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We asked, and students answered these important questions about student life at Washington University in St Louis.
140 Students rated on-campus housing 4.3 stars. 41 % gave the school a 5.0.
94 Students rated off-campus housing 3.8 stars. 0 % gave the school a 5.0.
144 Students rated campus food 4.4 stars. 59 % gave the school a 5.0.
142 Students rated campus facilities 4.6 stars. 60 % gave the school a 5.0.
142 Students rated class size 4.1 stars. 42 % gave the school a 5.0.
142 Students rated school activities 4.4 stars. 55 % gave the school a 5.0.
143 Students rated local services 4.1 stars. 42 % gave the school a 5.0.
142 Students rated academics 4.1 stars. 44 % gave the school a 5.0.
35 Students rated Washington University in St Louis
Easily five stars. I left my previous college during the pandemic and transferred to WashU. This was one of the only schools in the Top 100 and the only school in the Top 20 to accept academically displaced students, which should tell you a bit about the culture. Some schools have antisocial cultures: people generally don't talk to each other. At WashU, people will stop to talk if they run into you outside of class. Interactions tend to be much more genuine and people tend to be much friendlier. If you're willing to suffer through a challenging academic workload, you'll enjoy the community and high quality of life. Plus, grad schools will love you if you can make it here.
it is a great university. It is my top choice. I look forward to studying at Samfox School and majoring in the visual and performance arts, general. dasdsadsadsadsadsadasdasdasdasdsadsadddddddddddddddddddddddddddddddadsdsdsdsdsdsdsdsdsdsdsdsdsdsdsdsds
A school that values academics but also shows students the value of service. Insists on exposing all students to St Louis' culture, issues, concerns, and hospitality. Promotes double majoring. Lots of freshman opportunities, like first-year seminars and Ampersand full-year courses that sometimes consist of studying abroad. A lack of sports but lots of attention on film and media; students' creativity never fail to impress me. Lots of people from out-of-state, but not as diverse as I'd like.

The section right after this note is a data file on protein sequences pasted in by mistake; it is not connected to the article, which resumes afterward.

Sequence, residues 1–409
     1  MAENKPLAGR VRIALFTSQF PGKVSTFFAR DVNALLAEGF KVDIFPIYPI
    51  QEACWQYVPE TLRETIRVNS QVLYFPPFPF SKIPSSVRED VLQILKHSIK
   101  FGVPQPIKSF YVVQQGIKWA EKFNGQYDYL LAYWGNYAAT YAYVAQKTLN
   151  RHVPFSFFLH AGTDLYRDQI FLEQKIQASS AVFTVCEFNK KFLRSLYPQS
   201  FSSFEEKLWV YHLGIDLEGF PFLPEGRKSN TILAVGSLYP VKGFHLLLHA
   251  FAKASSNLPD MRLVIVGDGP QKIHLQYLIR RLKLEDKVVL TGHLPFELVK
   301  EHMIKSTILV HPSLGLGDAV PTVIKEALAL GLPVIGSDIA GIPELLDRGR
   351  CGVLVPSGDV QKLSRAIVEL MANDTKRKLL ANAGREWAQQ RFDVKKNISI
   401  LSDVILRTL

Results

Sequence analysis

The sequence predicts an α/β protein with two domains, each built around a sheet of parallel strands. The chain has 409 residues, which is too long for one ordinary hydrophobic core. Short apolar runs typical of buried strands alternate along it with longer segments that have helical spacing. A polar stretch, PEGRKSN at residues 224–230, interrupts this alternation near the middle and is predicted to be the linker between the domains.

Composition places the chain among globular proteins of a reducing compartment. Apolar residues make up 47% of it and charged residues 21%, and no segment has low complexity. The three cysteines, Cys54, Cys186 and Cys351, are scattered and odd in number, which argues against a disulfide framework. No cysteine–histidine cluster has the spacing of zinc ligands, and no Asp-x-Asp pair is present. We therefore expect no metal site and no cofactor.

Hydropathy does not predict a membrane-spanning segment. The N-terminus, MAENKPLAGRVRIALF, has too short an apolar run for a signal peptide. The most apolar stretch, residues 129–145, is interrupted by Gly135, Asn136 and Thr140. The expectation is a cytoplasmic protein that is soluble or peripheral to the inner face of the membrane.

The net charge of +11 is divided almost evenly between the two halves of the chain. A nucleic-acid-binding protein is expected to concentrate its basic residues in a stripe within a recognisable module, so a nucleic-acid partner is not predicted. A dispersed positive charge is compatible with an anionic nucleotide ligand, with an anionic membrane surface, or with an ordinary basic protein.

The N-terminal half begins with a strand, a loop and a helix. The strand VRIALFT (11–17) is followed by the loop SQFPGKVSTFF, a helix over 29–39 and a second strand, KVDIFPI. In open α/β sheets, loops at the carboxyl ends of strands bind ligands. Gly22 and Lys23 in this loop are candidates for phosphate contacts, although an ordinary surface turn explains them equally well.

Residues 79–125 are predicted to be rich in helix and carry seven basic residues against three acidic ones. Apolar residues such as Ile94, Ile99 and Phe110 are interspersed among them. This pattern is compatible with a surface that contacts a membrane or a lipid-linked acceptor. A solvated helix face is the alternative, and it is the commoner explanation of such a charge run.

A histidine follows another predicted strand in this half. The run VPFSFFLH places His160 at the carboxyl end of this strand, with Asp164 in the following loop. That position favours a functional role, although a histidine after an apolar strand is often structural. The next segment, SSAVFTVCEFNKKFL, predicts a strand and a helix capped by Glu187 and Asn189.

Washington University in St. Louis is a top-level university. The students are on par with the level at Ivy League schools. The students are extremely intelligent, motivated, and passionate about a broad range of topics. They are very open to others. The student body is extremely diverse, with students coming from all over the world and the U.S. As a result of that, there is never a dull moment at WashU. What really drew me to WashU was that the students are very cooperative and supportive of one another. The academic culture is collaborative, not cutthroat, which means the world in such a tough academic environment. That factor alone differentiates WashU from other top-tier universities. In addition to an amazing student population, WashU has the best dorms and food, by far, compared to other universities. Each student gets a Tempurpedic memory foam mattress! The food is world-class, and never gets old. In terms of entertainment, WashU is bursting with opportunities for fun and enjoyment. From presentations to dance shows to Presidential debates, WashU has it all. WashU sits just next to Forest Park in an upper-class neighborhood, making it very safe. Forest Park hosts a zoo and multiple museums, all of which are free! Saint Louis itself has a huge amount of history and tradition, ranging from barbecue to the Gateway Arch. With the free public transportation offered to all WashU students, you can access it all, at any time. WashU truly is another home, full of bright, ambitious people who grow together to become the best of the next generation.